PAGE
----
Spotlight on Bluegrass; Part 2. Billy Strings

 Billy Strings

Billy Strings

Authenticity: it’s easy to recognize but hard to attain. In Turmoil and Tinfoil, the newest release and first solo effort from Billy Strings, the listener is witness to a self-aware and socially conscious 25-year-old man in the midst of a larger social awakening.

Not what you expect traditionally from a bluegrass album but Tinfoil and Turmoil showcases Strings’ strength in blending the traditions of bluegrass and his own experience growing up in the Mid-west hit hard by the opioid and meth epidemics.  Strings, born William Apostol, earned his chops in a picking family. He credits his father, Terry Barber, as a major influence and teacher. Barber himself is a noted picker in the Michigan bluegrass scene and raised Strings on Doc Watson and Bill Monroe. The two appear on “Memories of You,” and evoke the easy, comfortable harmony that you can expect from a father and son who’ve played together for so long.

What is so brilliant about Turmoil and Tinfoil, is the social commentary that permeates the album. Even the name is a nod to the drug experiences of Strings’ youth. Growing up in small-town Michigan, the opioid and meth epidemics ripple through his life and influence his writing. Things get weird and that’s ok.  The track “Spinning,” is a spoken word account of an acid trip. I find it incredibly refreshing that he candidly shares this experience. When you can play like Strings, you can push the boundaries of the genre.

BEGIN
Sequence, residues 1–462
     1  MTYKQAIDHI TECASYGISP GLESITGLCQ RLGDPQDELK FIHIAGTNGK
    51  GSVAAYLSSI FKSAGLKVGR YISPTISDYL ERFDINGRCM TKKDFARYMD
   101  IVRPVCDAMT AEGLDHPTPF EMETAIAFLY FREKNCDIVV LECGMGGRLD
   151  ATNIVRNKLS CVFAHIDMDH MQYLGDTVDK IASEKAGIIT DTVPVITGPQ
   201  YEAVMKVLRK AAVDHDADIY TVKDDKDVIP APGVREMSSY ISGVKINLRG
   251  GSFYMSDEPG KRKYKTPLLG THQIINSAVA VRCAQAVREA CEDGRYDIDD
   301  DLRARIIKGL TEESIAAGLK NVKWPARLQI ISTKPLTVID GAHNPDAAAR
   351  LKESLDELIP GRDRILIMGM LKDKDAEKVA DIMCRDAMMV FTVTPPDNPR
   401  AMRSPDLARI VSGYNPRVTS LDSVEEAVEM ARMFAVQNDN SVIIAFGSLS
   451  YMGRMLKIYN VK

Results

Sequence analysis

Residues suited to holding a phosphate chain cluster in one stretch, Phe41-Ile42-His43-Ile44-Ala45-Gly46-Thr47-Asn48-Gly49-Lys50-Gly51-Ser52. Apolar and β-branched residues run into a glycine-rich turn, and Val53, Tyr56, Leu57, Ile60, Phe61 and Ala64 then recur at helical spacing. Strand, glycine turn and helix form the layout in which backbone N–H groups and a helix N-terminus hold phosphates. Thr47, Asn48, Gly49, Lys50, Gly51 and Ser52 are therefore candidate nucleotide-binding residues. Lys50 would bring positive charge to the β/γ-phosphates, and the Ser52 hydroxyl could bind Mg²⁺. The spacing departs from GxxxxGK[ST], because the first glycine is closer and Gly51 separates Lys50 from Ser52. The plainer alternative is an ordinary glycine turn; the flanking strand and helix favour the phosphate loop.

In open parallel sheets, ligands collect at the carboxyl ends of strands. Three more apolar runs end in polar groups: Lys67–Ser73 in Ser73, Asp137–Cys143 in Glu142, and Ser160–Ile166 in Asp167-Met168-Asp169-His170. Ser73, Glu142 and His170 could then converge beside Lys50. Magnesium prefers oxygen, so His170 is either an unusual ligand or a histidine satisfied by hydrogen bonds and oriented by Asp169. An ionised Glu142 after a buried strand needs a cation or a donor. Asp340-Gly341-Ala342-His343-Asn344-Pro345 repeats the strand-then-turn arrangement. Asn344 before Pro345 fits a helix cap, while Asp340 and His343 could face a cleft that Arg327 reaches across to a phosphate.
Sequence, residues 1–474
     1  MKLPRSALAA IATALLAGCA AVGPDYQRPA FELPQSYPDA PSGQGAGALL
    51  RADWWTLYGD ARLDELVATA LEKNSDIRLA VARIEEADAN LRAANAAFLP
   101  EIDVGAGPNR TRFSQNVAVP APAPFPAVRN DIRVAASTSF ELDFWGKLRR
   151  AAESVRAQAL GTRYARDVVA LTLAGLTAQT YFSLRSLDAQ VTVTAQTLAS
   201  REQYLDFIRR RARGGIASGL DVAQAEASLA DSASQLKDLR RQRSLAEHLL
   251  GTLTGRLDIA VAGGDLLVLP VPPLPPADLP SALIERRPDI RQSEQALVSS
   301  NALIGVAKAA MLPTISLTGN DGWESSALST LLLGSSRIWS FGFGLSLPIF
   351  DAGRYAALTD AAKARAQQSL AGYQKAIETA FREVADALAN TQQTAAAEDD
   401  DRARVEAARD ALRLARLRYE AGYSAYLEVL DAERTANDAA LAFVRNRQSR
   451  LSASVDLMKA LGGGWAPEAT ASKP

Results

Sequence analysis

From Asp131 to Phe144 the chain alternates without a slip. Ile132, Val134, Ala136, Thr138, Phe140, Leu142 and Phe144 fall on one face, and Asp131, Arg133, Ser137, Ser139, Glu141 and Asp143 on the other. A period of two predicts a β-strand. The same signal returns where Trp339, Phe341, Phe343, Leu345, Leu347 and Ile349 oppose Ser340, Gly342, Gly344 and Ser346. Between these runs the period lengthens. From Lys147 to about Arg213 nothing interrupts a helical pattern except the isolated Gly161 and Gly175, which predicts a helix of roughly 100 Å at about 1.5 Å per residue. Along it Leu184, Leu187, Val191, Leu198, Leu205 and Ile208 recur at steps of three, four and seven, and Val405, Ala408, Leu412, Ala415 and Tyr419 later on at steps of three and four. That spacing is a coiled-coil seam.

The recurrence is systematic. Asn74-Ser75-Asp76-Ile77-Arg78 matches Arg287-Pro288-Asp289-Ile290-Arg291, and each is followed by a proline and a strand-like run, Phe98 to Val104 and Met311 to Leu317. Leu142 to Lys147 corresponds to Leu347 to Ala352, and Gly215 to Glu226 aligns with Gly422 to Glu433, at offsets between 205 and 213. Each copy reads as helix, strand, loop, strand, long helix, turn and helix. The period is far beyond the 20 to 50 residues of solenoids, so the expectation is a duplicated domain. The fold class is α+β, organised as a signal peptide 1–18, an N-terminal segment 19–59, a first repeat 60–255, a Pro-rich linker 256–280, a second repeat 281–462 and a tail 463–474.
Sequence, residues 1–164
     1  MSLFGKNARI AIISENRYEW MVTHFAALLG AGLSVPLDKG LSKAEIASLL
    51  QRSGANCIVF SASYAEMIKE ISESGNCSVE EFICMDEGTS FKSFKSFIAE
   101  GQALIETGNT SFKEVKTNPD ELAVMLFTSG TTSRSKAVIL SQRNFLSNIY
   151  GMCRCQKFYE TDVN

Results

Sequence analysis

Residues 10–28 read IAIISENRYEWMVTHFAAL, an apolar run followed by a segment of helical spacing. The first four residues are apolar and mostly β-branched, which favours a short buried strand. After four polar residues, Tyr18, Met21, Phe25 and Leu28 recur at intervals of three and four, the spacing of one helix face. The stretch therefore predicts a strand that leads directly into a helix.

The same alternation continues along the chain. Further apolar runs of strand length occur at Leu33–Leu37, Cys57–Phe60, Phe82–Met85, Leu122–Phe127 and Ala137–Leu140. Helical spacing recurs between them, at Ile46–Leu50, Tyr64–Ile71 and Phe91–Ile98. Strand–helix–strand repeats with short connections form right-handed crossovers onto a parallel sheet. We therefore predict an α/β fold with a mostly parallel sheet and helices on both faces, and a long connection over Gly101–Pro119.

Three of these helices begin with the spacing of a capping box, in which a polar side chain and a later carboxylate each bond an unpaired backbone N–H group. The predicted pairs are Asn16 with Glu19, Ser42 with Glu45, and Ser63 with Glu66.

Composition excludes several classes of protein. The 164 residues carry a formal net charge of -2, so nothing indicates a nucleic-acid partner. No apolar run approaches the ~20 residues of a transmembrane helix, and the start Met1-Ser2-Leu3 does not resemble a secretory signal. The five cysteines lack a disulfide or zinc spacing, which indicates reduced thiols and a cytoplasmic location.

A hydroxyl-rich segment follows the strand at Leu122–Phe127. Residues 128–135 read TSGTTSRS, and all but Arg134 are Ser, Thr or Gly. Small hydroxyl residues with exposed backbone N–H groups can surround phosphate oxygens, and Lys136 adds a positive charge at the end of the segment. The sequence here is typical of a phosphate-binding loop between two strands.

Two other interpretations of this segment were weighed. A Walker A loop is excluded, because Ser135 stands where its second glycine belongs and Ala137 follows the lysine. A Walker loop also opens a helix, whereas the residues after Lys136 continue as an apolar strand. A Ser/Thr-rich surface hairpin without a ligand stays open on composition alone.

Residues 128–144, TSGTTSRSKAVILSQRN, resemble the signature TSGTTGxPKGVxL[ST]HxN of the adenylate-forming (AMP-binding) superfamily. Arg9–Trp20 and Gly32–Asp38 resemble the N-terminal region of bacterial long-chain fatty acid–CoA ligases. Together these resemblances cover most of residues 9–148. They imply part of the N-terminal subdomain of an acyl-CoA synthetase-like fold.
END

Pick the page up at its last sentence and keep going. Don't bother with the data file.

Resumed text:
Turmoil and Tinfoil was produced by Glenn Brown, known for his work with Greensky Bluegrass. Strings is backed by Jarrod Walker on Mandolin, Royal Massat on Bass, Billy Failing on Banjo. All have the ability to deliver the traditional bluegrass sound, while bringing the intensity that Strings’ live performances are known for to the album. “Meet Me at the Creek,” comes close to capturing his incendiary style. Since making the move to Nashville from Michigan, Strings has found his place in a talented network of friends, notably Miss Tess, Molly Tuttle, John Mailander, Shad Cobb and Peter Madcat Ruth, all of whom play on the album.  Bryan Sutton, one of the most accomplished guitarist of our day and a Bluegrass regular, appears on the only non-original track “Salty Sheep.”

 Walker, Massat, Strings,  and Failing

Walker, Massat, Strings,  and Failing

 

Billy Strings will kick-off the festivities at the Sunset Concert Series in Mountain Village Wednesday June 20. You can catch him on the Bluegrass Festival main stage from 1:30-2:45 p.m.,June 21.

Heidi Sarazen